CFP: CAC 2019 Annual Conference

CAC ANNUAL CONFERENCE MAY 7-9, 2019

FORMAL CALL FOR PAPERS

This is the formal call for papers for the Annual Conference of the Classical Association of Canada.

The organizers of the conference welcome abstracts of a maximum of 300 words on any classical topic. The deadline for all submissions is January 15, 2019.

All abstracts should be submitted as Word files to the conference email address: cac.scec2019@gmail.com. For individual presenters, please include your name and the term “abstract CAC 2019” in the subject heading. In the body of the letter, include your full name, affiliation, contact information and paper title. Do not include your name in the abstract but please make sure that the title of the paper on the abstract and the title on the cover letter are the same.

The conference organizers invite proposals for panels. Panels should consist of three to four papers. The panel organizer should submit all abstracts for the panel together along with a summary of the panel at the same time.

Finally, graduate students should include a letter of support from their supervisors along with the abstract.

Payment of conference and banquet fees can be made starting early in the new year (instructions will follow). Payment will be considered as registration.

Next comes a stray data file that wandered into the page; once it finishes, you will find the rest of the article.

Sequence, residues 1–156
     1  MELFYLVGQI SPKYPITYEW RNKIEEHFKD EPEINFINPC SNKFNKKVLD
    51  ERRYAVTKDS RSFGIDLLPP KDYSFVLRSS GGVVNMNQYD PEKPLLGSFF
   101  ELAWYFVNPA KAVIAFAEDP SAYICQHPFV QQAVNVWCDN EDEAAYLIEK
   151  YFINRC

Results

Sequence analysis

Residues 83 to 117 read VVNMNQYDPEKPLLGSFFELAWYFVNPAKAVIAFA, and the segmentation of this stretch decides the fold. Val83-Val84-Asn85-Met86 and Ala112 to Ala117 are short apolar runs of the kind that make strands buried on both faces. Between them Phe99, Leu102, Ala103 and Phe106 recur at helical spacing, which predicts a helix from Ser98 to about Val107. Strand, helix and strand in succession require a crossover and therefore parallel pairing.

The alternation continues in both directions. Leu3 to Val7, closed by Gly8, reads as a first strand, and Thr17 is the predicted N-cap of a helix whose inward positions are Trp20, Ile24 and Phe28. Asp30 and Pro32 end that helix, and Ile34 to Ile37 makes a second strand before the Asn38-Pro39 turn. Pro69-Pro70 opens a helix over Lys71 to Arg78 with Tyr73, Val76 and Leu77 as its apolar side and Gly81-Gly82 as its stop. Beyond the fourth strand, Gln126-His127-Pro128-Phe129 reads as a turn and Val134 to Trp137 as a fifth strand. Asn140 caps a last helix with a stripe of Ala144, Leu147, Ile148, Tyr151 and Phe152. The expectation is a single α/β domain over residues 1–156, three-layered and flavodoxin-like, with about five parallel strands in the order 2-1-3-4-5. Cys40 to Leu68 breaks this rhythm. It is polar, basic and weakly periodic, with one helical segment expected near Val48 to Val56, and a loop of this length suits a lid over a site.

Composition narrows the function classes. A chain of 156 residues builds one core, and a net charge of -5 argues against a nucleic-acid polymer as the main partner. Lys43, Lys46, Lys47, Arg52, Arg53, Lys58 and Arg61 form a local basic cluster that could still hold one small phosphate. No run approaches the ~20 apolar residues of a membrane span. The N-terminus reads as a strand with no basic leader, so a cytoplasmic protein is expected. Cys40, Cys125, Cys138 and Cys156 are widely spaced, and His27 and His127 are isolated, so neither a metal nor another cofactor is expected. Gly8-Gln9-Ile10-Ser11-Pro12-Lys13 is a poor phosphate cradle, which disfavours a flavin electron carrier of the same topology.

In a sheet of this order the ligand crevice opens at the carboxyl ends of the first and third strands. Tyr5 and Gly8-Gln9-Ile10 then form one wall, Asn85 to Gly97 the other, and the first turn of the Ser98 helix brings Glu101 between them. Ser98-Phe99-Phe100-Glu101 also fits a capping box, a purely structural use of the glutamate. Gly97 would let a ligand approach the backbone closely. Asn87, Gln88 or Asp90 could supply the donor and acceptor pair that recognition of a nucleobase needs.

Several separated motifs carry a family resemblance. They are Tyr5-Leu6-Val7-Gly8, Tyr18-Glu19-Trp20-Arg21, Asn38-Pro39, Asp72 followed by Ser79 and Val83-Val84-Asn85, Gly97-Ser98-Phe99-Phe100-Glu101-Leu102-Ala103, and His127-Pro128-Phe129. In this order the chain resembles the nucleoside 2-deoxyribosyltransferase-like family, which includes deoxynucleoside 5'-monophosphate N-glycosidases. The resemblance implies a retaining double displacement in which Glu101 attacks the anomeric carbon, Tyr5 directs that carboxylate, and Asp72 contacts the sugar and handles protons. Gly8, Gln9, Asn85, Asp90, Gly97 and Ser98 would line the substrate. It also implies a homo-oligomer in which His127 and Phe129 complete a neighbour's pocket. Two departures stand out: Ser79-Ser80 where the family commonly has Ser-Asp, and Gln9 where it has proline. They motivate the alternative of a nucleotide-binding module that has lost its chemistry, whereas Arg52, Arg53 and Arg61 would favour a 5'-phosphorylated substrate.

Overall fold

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(Photo: "Handwritten" by A. Birkan, licensed under CC BY 2.0)

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California State University Long Beach’s Classics program would like to announce that we are making our upper division Latin reading classes available to students via the web. These are not “online” classes; they are classes conducted with students in real time. People who are interested in joining our classes would attend class sessions virtually through a web interface, and thus anyone who wants to participate would have to be online during the specific class time.

For Spring semester 2014, we are offering two reading courses, Cicero and Caesar. The semester begins on Tuesday, January 21, and concludes on Friday, May 23, with Spring Break during the week of March 21. Each class meets three hours per week and earns a student 3 semester units. The prerequisite for each class is intermediate Latin; i.e., students will be expected to have facility with noun and verb morphology and an introductory knowledge of Latin grammatical constructions.

View full article. | Posted in General Announcements on Mon, 11/18/2013 - 10:08am by .

The Department of Classical Studies at the College of William and Mary is currently accepting applications for its first incoming class of students interested in pursuing a Post-baccalaureate Certificate in Classical Studies.  This is a flexible program of study for students who have an undergraduate degree and who wish to pursue an intensive course of study in the Classical languages in preparation for graduate studies, teaching, or personal enrichment.  Students in the program take specific courses in Latin, Greek, and classical civilization appropriate to their level of preparation.  This program is especially designed for students who wish to: